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05 May, 2009

Van Gogh gouged by Gauguin?

Posted by: admin In: Guardian

This latest theory about Paul Gauguin slicing off Vincent van Gogh’s ear with a fencing foil is highly implausible

Poor Vincent; he gets no rest. If it isn’t a new film or TV drama about the tragic genius who ended his extraordinary life in 1890 by shooting himself, it’s a new theory about the “true” story of Van Gogh. According to two German art historians, the artist did not cut off his own ear. Instead they claim he menaced Paul Gauguin in a moment of madness and Gauguin, an accomplished fencer who happened to be carrying his sword, whipped off the ear in hasty self-defence.

Are these scholars by any chance graduates of Heidelberg University‘s renowned duelling tradition? I can’t imagine that Gauguin was a good enough fencer to deliver this surgical wound. He’d have been more likely to hack off Vincent’s head by mistake.

It is true that Van Gogh’s self-harm at Arles in 1889 is a more mysterious event than you might think. The only full account of what happened was written by Gauguin himself. There are more indirect allusions in Van Gogh’s letters to his brother Theo. From all this evidence comes the conventional interpretation that, after he worked hard to persuade his hero Gauguin to come and live in the Yellow House, his would-be artist’s colony in the southern French town, Van Gogh couldn’t face it when Gauguin decided to leave. He confronted the terrified Gauguin with a razor in the public gardens then hacked off his ear and presented it later that night to a prostitute in a local brothel. Van Gogh himself described his mood as a period of insanity and soon afterwards entered an asylum.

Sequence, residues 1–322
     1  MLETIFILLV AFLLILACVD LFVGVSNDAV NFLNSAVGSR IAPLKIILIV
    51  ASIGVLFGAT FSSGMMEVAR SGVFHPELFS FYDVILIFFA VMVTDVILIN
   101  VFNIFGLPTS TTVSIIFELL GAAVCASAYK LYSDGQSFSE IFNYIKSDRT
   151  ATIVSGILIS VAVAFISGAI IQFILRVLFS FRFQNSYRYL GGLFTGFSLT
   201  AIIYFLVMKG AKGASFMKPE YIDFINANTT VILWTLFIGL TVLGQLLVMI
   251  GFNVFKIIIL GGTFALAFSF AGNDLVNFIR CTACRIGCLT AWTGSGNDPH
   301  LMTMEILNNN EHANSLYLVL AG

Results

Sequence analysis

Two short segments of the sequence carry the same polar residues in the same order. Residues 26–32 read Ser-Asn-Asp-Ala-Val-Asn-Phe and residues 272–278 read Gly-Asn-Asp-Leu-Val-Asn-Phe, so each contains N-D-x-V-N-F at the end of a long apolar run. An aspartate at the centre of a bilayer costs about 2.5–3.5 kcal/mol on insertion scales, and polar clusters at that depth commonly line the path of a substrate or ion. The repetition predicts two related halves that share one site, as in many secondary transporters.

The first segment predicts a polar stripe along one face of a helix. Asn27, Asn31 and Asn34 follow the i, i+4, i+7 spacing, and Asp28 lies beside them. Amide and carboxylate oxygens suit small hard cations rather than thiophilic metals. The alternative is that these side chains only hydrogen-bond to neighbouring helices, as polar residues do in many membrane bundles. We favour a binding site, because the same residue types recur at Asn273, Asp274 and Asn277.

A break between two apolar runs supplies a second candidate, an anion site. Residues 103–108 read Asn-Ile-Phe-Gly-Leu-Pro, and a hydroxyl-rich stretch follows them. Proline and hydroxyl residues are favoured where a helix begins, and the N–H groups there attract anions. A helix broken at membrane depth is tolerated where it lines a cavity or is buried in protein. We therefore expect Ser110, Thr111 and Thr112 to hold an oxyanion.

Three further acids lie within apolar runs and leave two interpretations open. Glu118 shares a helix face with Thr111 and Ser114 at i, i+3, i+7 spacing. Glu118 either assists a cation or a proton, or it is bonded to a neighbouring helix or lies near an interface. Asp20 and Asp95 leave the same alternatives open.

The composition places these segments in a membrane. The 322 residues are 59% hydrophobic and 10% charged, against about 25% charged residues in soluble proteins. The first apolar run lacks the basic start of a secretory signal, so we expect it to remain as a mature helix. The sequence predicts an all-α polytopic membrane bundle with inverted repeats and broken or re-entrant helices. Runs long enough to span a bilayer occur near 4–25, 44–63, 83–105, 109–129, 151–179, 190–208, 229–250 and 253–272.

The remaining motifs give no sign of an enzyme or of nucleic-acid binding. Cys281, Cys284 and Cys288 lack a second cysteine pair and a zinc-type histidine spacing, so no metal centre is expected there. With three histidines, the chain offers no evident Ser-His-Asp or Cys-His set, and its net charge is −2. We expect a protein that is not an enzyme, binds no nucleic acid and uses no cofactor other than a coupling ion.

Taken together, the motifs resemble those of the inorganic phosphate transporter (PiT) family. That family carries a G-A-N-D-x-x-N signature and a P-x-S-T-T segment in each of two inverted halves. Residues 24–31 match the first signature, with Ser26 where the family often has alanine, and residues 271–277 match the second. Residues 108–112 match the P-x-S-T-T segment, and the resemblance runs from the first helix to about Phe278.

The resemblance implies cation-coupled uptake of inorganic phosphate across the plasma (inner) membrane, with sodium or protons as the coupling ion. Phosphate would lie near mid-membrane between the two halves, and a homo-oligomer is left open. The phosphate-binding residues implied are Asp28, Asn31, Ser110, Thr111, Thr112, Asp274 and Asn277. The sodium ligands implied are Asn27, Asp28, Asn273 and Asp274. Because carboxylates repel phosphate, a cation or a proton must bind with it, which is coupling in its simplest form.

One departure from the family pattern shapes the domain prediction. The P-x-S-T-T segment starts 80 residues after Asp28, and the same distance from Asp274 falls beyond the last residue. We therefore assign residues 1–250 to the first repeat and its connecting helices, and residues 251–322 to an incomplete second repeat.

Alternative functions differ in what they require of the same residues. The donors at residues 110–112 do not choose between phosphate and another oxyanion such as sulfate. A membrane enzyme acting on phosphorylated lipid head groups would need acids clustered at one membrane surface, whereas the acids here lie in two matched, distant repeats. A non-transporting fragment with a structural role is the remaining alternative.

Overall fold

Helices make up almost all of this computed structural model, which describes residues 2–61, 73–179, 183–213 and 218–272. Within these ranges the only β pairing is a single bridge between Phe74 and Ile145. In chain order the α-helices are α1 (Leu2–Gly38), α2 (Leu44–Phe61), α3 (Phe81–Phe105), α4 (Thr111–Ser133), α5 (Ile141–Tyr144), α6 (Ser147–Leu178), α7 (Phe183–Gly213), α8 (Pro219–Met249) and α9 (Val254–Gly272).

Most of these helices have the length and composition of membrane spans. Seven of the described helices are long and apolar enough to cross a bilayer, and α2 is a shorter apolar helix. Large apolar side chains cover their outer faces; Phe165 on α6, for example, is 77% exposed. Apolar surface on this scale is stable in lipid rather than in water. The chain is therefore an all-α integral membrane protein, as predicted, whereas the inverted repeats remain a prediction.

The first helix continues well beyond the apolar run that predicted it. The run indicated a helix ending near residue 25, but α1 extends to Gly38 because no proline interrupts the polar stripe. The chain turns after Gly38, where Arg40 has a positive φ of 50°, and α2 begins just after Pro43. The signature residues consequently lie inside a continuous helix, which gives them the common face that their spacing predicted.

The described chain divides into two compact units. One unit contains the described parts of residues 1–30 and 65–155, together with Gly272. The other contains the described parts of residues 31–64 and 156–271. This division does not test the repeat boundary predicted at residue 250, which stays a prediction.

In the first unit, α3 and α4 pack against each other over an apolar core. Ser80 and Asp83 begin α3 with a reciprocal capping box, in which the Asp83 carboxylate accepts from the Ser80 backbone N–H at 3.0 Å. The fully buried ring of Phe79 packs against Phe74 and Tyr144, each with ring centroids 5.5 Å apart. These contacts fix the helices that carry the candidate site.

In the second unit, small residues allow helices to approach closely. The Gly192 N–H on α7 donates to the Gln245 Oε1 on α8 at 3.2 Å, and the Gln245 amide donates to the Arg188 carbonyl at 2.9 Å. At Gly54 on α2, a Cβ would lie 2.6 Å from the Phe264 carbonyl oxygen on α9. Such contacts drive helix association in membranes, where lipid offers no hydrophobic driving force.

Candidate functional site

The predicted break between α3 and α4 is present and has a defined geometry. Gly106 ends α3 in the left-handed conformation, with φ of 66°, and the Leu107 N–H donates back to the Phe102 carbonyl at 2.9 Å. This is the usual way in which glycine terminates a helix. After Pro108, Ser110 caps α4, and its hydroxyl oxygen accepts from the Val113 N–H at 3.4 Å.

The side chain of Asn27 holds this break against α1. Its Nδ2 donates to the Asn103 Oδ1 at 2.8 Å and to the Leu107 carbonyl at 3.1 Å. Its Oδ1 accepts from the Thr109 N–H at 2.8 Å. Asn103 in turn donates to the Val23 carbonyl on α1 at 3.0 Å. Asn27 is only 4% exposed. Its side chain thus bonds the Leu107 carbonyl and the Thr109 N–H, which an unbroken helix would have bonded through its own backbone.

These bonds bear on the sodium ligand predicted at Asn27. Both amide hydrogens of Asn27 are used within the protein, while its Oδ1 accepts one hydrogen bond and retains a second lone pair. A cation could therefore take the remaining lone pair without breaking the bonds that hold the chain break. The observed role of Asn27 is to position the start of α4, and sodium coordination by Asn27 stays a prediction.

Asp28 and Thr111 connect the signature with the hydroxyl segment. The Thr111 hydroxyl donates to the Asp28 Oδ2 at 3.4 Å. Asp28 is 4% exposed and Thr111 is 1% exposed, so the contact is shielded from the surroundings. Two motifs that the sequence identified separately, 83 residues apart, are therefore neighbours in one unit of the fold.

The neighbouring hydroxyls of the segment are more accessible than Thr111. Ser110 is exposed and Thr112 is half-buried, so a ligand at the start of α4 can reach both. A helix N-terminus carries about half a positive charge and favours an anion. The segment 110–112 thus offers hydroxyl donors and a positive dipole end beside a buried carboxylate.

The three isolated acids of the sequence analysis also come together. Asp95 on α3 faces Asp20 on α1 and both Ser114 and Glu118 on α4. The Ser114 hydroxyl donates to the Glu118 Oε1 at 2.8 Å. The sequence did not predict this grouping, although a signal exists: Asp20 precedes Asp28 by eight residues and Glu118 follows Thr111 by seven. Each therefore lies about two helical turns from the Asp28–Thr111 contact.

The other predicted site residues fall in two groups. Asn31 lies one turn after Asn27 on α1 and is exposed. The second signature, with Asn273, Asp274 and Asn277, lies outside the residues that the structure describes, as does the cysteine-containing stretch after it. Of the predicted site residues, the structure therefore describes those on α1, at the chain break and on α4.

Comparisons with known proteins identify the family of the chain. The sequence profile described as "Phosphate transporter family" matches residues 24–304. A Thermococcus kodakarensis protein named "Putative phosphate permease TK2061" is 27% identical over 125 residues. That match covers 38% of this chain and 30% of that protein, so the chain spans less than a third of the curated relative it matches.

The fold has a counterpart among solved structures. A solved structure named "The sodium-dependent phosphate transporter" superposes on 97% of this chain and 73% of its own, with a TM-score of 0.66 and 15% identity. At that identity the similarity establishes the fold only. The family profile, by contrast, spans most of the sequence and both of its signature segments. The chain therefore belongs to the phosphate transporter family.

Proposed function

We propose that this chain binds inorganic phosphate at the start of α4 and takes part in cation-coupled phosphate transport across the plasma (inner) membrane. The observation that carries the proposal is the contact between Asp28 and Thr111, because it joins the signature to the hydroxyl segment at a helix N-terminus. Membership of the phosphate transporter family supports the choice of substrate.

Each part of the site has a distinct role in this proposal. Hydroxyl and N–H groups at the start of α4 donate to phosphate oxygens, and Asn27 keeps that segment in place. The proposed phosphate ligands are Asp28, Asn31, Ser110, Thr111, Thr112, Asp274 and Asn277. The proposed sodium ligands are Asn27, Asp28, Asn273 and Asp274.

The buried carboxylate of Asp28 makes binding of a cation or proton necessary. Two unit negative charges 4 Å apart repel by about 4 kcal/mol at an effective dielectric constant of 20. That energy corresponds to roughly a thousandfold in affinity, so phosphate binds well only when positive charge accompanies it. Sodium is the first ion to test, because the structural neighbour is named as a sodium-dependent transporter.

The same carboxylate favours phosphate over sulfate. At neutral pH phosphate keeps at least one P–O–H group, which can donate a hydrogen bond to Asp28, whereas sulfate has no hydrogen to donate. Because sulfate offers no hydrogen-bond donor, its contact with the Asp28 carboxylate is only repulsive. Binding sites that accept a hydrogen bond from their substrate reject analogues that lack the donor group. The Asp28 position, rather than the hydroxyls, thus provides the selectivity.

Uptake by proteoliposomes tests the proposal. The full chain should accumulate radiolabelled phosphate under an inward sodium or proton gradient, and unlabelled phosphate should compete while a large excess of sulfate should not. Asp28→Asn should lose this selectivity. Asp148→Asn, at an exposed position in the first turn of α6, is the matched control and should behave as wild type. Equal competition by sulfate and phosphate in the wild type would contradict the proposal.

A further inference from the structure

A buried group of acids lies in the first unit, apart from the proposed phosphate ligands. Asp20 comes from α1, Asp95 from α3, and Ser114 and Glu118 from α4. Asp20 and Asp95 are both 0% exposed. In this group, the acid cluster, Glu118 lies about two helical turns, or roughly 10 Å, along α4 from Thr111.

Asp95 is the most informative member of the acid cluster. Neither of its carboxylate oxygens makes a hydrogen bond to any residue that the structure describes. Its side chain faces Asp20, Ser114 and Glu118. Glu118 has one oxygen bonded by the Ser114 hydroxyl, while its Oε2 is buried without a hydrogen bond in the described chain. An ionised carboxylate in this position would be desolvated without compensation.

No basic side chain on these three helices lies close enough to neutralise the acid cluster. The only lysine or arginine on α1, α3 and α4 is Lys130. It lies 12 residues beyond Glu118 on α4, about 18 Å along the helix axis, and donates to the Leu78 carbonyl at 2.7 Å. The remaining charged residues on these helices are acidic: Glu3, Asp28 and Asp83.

A quick look at the letters reveals how the latest theory has been concocted. As he recovered from his wound, Van Gogh answered a request from Gauguin, who’d left Arles, to send on his fencing gear. The wording of Van Gogh’s reply is perhaps odd – he connects a reference to the fencing equipment to a refusal to give Gauguin his painting Sunflowers as a memento. Later he jokes about the fencing equipment as “these terrible engines of war.”

I suppose allusions like this could be built up into the theory that Gauguin drew his sword on Van Gogh. But surely in that case even Gauguin wouldn’t have had the cheek to demand the Sunflowers as a parting gift? For me the conclusive evidence is probably Van Gogh’s Self-Portrait with a Bandaged Ear in London’s Courtauld Gallery. It associates his injury with his vocation as an artist and a martyr. Van Gogh displays his bandaged ear in a way that accuses himself, not anyone else.

Gauguin always gets a bad press. His paintings are terribly misunderstood and undervalued. Now he’s being fingered for wounding Van Gogh. Yet the passion of Van Gogh makes his self-mutilation a perfectly plausible expression of his character, which fits the intensity and sadness of his poignant works.

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